London is witnessing a surge of drug-fueled orgies among gay and bisexual men called "chemsex," and the resulting spike in HIV allegedly due to the increasing niche sexual phenomena is creating moral panic in the city.
But, a researcher suggested that gentrification is the reason for the chemsex boom.
Chemsex emerged in 2011 and refers to gay male sex parties coupled with the use of recreational drugs, like GHB, mephadrone and crystal meth.
Dr Jamie Hakim, a lecturer in the School of Art, Media and American Studies, was featured in a report in Independent which analyzed the phenomenon and the effects it had on the media.
His research – based on government migration reports on property prices and interviews with a diverse group of those who engage in chemsex – refutes the fact that chemsex is attributed to the mass concern over the spread of HIV transmission.
There is little evidence to suggest that it is on the rise amongst Britain's gay community as a whole. According to the The Chemsex Study, the most comprehensive study on chemsex in Britain to date, the practice is becoming popular in London; even more specifically, in the boroughs of Lambeth, Southwark, Lewisham – Vauxhall, and its surrounding areas.
He found that most of the gay population had nowhere else to turn after 58% of London's nightclubs closed between 2006 and 2017. The 2008 recession created a boom to London's already high cost of living, rendering the gay community and others who can't afford to sustain a life in the city priced out and alone.
Hakim said this had the most impact in London's Vauxhall, which is one of the poorest areas in the city subject to major redevelopment.
The ensuing isolation caused gay men to rely on dating and hook-up apps to spark a connection with others. Combining the use of drugs with uninhibited sex elevated the experience further than just filling the void of loneliness.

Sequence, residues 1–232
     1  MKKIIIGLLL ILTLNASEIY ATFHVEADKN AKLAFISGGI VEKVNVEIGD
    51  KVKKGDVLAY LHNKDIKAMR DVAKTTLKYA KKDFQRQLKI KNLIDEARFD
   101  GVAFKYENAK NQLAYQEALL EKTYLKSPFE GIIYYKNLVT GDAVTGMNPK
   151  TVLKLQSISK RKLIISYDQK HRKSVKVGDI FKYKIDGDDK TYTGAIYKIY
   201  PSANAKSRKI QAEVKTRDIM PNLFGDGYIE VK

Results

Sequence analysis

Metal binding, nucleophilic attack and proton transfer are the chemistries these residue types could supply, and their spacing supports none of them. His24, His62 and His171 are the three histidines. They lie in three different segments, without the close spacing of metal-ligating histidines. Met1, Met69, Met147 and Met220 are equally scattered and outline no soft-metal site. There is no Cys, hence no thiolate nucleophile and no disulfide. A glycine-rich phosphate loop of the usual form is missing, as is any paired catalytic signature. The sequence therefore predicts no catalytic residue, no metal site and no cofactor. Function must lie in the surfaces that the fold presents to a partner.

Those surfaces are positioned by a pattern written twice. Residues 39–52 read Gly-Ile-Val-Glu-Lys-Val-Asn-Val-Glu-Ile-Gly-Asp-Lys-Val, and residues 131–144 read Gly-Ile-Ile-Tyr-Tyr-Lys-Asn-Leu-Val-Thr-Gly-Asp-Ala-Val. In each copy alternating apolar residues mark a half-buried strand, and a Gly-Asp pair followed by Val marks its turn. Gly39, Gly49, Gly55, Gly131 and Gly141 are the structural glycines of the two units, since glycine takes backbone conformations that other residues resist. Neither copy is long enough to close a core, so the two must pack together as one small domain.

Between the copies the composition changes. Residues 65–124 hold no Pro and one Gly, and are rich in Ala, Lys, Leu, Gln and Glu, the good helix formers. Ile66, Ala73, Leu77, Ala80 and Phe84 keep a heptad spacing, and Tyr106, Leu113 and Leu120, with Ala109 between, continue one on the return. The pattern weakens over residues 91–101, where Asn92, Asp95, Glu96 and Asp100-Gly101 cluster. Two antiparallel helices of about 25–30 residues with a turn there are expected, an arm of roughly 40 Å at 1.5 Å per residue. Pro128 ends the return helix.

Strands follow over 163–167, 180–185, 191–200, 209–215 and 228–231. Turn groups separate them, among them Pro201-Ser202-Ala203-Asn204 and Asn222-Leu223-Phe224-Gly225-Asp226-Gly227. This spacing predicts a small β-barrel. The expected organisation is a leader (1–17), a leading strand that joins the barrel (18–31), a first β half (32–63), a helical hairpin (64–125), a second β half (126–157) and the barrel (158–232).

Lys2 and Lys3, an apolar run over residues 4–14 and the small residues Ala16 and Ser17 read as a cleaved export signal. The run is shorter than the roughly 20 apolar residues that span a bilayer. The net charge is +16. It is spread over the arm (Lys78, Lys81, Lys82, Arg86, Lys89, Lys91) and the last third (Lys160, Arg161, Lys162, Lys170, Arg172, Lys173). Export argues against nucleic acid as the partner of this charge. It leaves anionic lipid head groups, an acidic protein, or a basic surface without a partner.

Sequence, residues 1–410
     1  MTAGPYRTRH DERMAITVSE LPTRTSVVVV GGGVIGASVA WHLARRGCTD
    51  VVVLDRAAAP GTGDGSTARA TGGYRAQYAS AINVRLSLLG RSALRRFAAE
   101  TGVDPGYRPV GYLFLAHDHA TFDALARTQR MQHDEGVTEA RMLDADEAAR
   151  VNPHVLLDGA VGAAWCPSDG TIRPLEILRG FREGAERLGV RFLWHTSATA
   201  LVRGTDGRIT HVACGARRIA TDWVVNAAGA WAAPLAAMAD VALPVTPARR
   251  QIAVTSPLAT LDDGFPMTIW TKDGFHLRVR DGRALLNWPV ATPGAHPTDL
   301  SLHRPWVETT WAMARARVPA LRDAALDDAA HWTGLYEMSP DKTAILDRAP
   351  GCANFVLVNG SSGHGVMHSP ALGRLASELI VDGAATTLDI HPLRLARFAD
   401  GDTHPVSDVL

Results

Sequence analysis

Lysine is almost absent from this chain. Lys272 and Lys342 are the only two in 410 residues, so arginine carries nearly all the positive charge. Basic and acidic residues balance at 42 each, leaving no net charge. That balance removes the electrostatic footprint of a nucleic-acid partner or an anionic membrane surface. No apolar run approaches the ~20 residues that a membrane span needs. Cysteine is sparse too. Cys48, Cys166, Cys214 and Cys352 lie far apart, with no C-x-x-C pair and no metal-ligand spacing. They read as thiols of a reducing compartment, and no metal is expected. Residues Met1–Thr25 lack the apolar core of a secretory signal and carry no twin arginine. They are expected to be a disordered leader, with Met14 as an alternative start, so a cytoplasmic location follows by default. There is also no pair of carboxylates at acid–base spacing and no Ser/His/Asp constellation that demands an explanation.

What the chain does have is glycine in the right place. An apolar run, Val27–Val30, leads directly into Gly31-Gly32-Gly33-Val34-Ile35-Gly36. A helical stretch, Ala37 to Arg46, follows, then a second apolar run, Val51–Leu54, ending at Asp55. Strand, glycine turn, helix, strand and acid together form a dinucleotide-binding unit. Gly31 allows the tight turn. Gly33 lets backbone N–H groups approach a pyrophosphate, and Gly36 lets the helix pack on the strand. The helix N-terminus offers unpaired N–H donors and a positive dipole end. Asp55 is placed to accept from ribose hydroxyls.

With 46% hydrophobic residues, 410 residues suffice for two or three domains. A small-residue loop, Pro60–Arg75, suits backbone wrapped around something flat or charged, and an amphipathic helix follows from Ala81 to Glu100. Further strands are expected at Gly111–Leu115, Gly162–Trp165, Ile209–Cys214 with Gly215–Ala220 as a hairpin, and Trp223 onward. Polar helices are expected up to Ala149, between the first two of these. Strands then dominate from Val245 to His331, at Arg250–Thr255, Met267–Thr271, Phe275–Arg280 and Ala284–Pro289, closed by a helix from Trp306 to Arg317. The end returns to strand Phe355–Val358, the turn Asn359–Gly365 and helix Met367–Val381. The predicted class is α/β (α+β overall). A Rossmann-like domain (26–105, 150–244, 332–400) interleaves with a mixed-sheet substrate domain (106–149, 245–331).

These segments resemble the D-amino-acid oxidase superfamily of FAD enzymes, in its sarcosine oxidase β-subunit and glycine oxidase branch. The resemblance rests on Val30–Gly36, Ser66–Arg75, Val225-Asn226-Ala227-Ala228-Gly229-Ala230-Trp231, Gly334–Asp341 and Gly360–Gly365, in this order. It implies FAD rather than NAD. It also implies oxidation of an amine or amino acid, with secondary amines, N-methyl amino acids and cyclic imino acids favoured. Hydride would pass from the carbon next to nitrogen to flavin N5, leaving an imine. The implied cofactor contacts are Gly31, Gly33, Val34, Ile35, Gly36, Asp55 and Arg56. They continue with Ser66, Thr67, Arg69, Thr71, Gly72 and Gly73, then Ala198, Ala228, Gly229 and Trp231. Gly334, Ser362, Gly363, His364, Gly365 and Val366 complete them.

Hakim described why those who were victims of cut social programs and being priced out of their homes turned to chemsex.
Chemsex can be seen as a particularly intense way for groups of people to form intimate collective bonds at a time when the government's social and economic policies attempt to make this very thing impossible.
One of the 15 participants in the study said:
In a way, you're enjoying a private club… everyone thinks the same as you think. You don't have to worry about anything because you're going to be in an environment where you feel safe and whatever you do, whatever you think, whatever you say you'll be very much accepted.
Another participant, who is estranged from his family and was lonely talked about why he turned to chemsex.
I was feeling really lonely. I was looking for company. I was really depressed living in London… you don't have friends, you don't have family, you're living in a big city… you have the weekend to yourself and you don't know what to do.
Chemsex isn't just about the sex.
Other participants I interviewed said there's less of a gay culture in London now, but people are still looking for places to fit in, to belong. Sex is only one of the many group activities that occur during chemsex sessions, many of which were non-sexual in nature. One of the key activities that took place was a lot of deep emotional talk.
Hakim said that the rise in HIV transmission among Londoners is an unfair assessment by the media. Instead, he found that "The recent rise in HIV infection is, in fact, more likely to do with the poor quality of gay sex education available in Britain."